A new approach on fracking

A new approach on fracking

Our Director Andy Maciver looks at the communications behind fracking ahead of an industry event.


When in a hole, stop digging. This may not be an obvious mantra for the Scottish onshore gas extraction industry, and I certainly wouldn’t advise it when it comes to the business end of their work.

However, in respect of the industry’s external communications, a short period of silence, during which a new strategy is agreed, would be most welcome.

I understand why being a supporter of so-called unconventional gas extraction in Scotland is frustrating. I share those frustrations. It is infuriating to witness the clout exercised by those who claim extraordinary safety concerns without rebuke. It is galling to see the albeit worthy opposition of those who want fossil fuels to stay in the ground unchallenged by the reality of the energy gap and the absence of base load capacity we are facing.

But the industry needs to understand that, at least in part, it is the architect of its own troubles in Scotland. Troubles created by a failure to engage in the right kind of PR and public affairs.

Let’s start with a truism. Fracking has not been banned in Scotland. It has had a moratorium placed upon it.

So, the first question the industry has to ask itself it: “Why did the Scottish Government not just ban it?” And the answer is “because they haven’t decided yet”. Too many people in the industry behave as though it has already been banned, and like to have a good old whine about it, rather than looking for ways to change the debate in their favour.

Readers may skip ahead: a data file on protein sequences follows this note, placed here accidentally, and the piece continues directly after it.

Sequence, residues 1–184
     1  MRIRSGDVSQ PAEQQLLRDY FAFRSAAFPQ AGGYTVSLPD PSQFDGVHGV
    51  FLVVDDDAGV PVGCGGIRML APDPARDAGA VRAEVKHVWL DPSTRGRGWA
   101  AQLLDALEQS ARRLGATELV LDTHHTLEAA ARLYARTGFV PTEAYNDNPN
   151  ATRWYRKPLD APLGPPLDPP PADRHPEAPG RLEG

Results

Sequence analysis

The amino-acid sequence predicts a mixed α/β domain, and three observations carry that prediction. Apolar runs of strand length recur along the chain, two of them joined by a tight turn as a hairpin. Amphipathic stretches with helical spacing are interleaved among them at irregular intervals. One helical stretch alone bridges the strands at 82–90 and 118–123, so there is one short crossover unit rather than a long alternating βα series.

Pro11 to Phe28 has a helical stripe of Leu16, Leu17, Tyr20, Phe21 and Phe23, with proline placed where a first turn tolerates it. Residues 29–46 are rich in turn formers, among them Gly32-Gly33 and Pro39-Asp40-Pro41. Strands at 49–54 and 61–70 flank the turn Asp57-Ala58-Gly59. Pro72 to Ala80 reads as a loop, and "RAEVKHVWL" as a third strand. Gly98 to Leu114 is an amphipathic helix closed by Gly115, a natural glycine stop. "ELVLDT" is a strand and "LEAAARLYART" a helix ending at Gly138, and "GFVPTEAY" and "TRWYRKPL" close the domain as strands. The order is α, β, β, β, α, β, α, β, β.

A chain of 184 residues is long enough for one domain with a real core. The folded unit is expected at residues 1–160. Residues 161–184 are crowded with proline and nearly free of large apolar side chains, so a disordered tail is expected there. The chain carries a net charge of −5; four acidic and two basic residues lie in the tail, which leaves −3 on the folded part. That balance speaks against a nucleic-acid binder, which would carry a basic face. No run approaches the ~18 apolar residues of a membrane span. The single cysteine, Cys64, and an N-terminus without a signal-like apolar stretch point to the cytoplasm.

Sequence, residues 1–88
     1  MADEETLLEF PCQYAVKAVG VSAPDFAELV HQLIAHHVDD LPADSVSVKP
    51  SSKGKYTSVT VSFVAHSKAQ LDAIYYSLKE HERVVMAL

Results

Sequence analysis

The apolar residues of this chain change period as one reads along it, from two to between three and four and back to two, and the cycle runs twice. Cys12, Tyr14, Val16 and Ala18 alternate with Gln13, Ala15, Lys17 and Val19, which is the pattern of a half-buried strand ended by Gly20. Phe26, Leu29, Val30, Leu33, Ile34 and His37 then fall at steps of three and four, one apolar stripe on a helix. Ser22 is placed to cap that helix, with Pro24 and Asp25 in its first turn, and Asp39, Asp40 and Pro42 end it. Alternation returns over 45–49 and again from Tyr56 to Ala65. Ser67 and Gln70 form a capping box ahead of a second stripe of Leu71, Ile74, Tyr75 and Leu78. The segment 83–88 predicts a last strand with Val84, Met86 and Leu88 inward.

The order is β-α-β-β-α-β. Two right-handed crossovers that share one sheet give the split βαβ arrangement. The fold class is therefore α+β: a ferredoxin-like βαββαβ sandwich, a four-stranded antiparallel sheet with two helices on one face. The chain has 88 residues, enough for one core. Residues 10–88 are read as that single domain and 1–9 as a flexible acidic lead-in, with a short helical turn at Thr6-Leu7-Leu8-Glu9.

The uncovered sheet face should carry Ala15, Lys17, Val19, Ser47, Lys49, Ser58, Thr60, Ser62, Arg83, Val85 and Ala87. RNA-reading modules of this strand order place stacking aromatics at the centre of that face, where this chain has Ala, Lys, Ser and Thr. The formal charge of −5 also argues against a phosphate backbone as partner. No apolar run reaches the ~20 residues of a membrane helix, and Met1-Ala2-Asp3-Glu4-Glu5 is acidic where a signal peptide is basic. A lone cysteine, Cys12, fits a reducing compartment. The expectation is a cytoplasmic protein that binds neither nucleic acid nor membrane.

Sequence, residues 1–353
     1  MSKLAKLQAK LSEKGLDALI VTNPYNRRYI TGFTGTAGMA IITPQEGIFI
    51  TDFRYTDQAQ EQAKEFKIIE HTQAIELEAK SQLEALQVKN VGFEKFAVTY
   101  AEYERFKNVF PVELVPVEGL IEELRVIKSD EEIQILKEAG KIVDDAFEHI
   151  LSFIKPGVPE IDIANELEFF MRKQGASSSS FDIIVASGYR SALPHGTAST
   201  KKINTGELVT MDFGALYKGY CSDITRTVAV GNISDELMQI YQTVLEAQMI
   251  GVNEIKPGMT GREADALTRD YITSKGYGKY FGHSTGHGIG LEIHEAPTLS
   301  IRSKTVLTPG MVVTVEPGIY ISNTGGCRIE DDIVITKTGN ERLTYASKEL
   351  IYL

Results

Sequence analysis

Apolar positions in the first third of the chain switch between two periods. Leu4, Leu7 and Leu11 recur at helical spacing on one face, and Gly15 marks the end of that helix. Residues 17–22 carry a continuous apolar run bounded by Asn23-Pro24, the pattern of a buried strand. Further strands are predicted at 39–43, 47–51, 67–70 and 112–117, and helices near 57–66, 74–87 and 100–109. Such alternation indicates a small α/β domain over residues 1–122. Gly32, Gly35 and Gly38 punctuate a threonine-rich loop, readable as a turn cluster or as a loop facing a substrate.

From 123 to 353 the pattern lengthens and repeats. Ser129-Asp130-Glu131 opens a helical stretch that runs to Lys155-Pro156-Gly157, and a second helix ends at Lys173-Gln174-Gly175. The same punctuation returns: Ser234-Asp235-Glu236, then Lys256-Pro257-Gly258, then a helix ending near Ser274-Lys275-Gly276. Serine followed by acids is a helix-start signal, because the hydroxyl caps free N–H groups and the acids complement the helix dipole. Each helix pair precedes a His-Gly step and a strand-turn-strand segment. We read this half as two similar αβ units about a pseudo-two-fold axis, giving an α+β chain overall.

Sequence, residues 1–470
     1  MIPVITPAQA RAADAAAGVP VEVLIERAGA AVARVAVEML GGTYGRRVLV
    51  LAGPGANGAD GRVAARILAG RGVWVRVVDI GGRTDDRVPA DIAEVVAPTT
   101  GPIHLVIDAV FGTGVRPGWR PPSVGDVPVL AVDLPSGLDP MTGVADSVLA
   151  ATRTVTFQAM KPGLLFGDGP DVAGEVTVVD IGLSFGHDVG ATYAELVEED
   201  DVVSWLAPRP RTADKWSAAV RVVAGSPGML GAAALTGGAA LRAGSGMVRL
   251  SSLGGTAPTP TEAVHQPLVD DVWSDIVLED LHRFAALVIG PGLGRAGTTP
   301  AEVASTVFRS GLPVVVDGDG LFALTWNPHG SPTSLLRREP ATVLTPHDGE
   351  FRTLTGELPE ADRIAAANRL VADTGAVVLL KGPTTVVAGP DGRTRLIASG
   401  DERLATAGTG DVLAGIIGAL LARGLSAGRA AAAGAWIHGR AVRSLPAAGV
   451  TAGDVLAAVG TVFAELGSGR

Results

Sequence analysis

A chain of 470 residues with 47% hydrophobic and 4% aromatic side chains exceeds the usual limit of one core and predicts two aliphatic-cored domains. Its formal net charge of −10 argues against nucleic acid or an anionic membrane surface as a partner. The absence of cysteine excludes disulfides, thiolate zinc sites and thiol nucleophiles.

That leads us to the second question: “What does the Scottish Government need in order to give fracking the go-ahead?”. This is the crucial question, and it is the question to which the industry is persistently and emphatically giving the wrong answer.

The answer to the question is much simpler than people seem to think. It is: “They need it to be more popular”. I suspect that the Scottish Government is not particularly concerned about the scientific or safety aspect of fracking – everyone who looks at this free from dogma or emotion knows that it is as safe as any other well-regulated industry of its type. Nor will the Government recoil about the fact that they’d be authorising use of a fossil fuel – this is the party which for 40 years has based its economic case for independence on the North Sea.

Instead, the primary driver for the Government’s decision-making process on fracking is public opinion. This should be hardly surprising – policy opinion is, and should be, a key driver for any government’s policy.

The truth is that fracking is becoming more and more unpopular in Scotland because the industry is engaging in amateur and counter-productive media and political relations.

If I could give the fracking industry one message it would be this: almost every piece of media relations and political relations work you currently engage in reduces the chances of fracking happening in Scotland. It targets the wrong audience and its tone is aggressive to the point where even those on the fence are beginning to turn into ‘antis’.

It needs to re-think its approach immediately.

The industry has a set of key messages which are clear, easy and compelling. Scotland needs gas and there are only two ways to get it. We either buy it in, or we use our own stuff and in the process create thousands of jobs, boost inward investment and reduce the price of our energy.

Most industries would kill for a message that simple. It’s time we made it work, probably through a trade association, starting in communities which stand to benefit and quietly, calmly spreading the message up from there.

You haven’t lost yet. But if you don’t change, then you will.

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